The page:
Water quality in the Mexican Caribbean is affected by increases in tourism infrastructure and poor wastewater treatment. Additionally, karst geomorphology facilitates the infiltration of organic matter to subterranean water and coastal fresh water that originates from submarine groundwater discharges (SGDs), altering the environment. The tourism infrastructure grows at different rates along the Caribbean coast, characterizing zones with diverse levels of tourism impact. The aim of this work was to measure nutrient concentrations in superficial coastal water and fresh water to evaluate the water quality through different zones along a gradient from intermediate- (Riviera Maya) to low-tourism (Costa Maya) development regions. Furthermore, this study aimed to compare the measured nutrient concentrations with the Mexican ecological criteria of water quality 001/89 (CE-CCA-001/89), detect possible contributions by SGDs, and determine whether the nitrogen (N) sources are anthropogenic using stable nitrogen isotopes in the seagrass Thalassia testudinum. According to the results, nutrient concentrations (ammonium, nitrate, nitrite, and orthophosphate) differed significantly between the Riviera Maya and Costa Maya (P = 0.0001). Sites such as Shambala, Chávez, Tankah, Mahahual 2, Tulum, Akumal, and Xahuayxol exceeded the upper levels set by the CE-CCA-001/89. Tankah, Shambala, and Chávez were influenced by SGDs. The nitrogen isotope ratio in Akumal and Tulum coast water shows that they are under N loading derived to the sewage percentage of δ15N in Akumal, Tulum, and Mahahual, showing that these sites suffer N loading due to sewage. Our study recommends continuous monitoring and coastal characterization to detect SGD and to regulate, treat, and dispose of sewage.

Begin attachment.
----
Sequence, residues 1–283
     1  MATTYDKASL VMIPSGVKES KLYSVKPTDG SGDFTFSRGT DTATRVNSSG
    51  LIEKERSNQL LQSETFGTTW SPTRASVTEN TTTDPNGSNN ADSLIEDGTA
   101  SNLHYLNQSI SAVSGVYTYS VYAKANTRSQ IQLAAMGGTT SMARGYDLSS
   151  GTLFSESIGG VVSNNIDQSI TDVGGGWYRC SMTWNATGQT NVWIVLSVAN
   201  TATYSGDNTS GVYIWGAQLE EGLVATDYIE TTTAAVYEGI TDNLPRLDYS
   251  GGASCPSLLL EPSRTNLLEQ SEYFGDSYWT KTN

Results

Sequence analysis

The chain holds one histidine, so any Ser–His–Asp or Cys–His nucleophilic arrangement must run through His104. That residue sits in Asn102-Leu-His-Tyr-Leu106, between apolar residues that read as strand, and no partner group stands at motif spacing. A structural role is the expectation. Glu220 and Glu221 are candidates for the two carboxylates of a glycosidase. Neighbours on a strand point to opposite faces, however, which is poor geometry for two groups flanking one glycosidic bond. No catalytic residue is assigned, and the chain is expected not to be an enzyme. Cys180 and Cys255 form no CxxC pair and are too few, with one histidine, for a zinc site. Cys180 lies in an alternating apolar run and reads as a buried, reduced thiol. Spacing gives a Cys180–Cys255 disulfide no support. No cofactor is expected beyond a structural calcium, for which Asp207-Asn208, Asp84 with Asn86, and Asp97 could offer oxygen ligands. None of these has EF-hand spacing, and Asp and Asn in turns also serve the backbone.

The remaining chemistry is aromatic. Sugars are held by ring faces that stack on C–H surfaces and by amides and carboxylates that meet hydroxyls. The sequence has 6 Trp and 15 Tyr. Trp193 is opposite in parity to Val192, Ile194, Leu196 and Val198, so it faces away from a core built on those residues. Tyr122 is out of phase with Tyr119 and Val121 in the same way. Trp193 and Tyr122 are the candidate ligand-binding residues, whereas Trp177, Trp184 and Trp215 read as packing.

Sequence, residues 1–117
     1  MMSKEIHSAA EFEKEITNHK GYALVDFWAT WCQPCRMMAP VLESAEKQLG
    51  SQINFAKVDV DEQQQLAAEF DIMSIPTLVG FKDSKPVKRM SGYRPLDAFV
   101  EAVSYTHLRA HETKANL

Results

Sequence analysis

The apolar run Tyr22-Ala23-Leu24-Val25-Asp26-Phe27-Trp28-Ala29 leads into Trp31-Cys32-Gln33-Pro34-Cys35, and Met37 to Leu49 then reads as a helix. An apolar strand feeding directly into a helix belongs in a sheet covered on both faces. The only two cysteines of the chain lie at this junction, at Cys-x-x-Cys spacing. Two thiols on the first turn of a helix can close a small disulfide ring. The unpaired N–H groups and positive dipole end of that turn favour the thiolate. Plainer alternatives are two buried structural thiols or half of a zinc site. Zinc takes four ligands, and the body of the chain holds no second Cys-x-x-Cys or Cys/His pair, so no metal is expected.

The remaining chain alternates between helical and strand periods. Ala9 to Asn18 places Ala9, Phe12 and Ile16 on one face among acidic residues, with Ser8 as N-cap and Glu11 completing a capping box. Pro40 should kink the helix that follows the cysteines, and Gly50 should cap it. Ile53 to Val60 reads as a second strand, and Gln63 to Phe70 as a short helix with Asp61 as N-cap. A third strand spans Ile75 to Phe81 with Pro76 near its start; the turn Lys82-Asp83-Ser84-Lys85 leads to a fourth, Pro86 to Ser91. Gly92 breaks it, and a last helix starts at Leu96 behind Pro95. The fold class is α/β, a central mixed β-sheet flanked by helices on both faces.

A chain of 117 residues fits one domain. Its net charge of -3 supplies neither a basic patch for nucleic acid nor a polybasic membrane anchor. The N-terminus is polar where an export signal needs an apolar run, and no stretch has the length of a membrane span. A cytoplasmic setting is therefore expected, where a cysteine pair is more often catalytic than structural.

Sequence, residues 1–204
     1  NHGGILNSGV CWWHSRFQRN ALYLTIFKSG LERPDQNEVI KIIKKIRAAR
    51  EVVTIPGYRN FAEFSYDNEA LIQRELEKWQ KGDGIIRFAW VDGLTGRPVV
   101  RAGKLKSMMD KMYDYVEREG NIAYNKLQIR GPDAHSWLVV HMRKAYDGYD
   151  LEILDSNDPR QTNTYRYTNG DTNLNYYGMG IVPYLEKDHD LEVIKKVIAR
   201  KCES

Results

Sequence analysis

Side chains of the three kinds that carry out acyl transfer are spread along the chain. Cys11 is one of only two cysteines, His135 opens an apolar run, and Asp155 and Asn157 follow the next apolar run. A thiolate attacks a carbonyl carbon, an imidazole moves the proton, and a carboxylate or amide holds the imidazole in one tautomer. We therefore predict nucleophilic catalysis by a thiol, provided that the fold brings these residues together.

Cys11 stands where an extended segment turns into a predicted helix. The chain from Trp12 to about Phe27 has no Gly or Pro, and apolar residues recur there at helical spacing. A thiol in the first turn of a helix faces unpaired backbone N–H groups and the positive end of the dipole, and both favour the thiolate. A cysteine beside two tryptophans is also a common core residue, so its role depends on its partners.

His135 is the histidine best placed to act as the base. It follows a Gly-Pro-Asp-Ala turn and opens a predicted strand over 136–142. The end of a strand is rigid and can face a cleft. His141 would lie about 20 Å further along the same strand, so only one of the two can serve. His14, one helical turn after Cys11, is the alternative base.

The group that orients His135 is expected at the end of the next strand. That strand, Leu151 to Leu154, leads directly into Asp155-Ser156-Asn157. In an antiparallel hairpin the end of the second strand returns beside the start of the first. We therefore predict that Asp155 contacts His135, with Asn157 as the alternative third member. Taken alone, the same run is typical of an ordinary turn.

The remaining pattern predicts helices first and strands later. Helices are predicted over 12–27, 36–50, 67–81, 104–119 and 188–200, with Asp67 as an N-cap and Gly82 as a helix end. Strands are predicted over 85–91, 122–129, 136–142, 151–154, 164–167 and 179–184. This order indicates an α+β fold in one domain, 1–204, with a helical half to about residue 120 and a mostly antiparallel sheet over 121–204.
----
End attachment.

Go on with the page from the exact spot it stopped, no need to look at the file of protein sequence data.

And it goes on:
- Marine pollution
- Submarine groundwater discharges
- Tourism impact on the Mexican Caribbean
- Turtle grass